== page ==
Written By: François-Noël Vanasse
This is a difficult time. The world is riddled with anxiety, fear, and a deadly disease that has radically interrupted the daily life of nearly everything and everyone. So, for the whole month of April, The Porkchop Express presents: THE QUARANTINE STREAM, a 30 day series designed to help shine a light on a film that is worthy of your time and might very well be the distraction you need. In an effort to keep it fresh, we will be alternating between the big three services (Netflix, Amazon Prime, and Hulu) and trying to keep the choices as varied as possible.
For Day Seventeen, check out this semi-autobiographical film written by Shia Laboeuf. Now available on Amazon Prime.
Honey Boy (2019)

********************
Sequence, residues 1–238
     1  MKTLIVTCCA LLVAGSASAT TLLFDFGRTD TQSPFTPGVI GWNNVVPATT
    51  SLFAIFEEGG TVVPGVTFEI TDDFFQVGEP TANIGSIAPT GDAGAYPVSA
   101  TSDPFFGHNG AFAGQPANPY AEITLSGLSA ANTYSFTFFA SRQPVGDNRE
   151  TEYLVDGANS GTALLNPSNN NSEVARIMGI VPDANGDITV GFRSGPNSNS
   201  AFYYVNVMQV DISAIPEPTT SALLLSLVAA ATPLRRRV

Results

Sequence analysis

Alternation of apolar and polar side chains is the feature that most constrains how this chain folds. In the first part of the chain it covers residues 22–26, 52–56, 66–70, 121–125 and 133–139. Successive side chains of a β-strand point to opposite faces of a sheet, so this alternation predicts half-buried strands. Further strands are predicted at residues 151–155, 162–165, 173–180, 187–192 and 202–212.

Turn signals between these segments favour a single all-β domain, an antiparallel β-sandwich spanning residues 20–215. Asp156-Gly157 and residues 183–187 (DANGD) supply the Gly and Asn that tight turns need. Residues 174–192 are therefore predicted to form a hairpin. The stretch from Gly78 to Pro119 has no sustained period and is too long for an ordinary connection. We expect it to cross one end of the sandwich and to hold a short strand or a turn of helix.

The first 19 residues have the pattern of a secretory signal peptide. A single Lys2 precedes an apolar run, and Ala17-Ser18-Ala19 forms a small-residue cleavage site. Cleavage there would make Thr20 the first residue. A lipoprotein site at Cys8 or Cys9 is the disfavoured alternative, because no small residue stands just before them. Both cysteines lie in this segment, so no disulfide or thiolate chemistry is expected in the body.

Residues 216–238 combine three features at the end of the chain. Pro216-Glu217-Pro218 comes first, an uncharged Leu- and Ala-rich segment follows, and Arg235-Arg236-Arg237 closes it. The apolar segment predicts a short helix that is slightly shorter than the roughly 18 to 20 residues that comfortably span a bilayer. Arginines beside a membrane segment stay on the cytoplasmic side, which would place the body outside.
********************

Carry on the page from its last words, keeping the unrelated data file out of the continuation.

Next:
Bill Murray once said that everyone who becomes famous becomes an ass for about two years and you’ve got to give them at least that long to get their heads on straight. His is a quote about the confusing intoxicating nature of celebrity. But it’s also about second chances, and I’m excited to say one of my favourite actors might be earning his. Shia Labeouf has been a piece of my life since about 2000 when the Disney Channel show Even Stevens took off. Most people probably took notice of him when he began starring in the Michael Bay Transformers franchise about seven years later. Labeouf, not a trained actor, has idiosyncrasies which can make it difficult for him to truly disappear into a role. For a while he was one of the few actors of whom I could confidently say I’d seen everything in their filmography. A series of behind-the-scenes troubles with DUIs, rehab, and a retreat into performance artist fare made it difficult to keep up with. But I’ve rewatched Constantine (2005) more times than that movie deserves, still think Holes (2003) is a treasure, and will always have vivid memories of the first time I saw The Greatest Game Ever Played (2005). Last year Labeouf popped up on a lot of radars again with the success of Peanut Butter Falcon which has hopefully earned this kid enough goodwill to put him back on top. I don’t know what kind of actor Shia Labeouf will end up becoming, but if this script and movie is any indication it’s going to be somebody thoughtful and heartfelt. And we can always use more of those. Honey Boy is a semi-autobiographical film conceived as a therapeutic exercise which details Labeouf’s troubled relationship with his drug-addicted father as a child and his coming to grips with that trauma as a young adult. The kids playing not-quite Shia in this movie are so excellent at capturing his energy.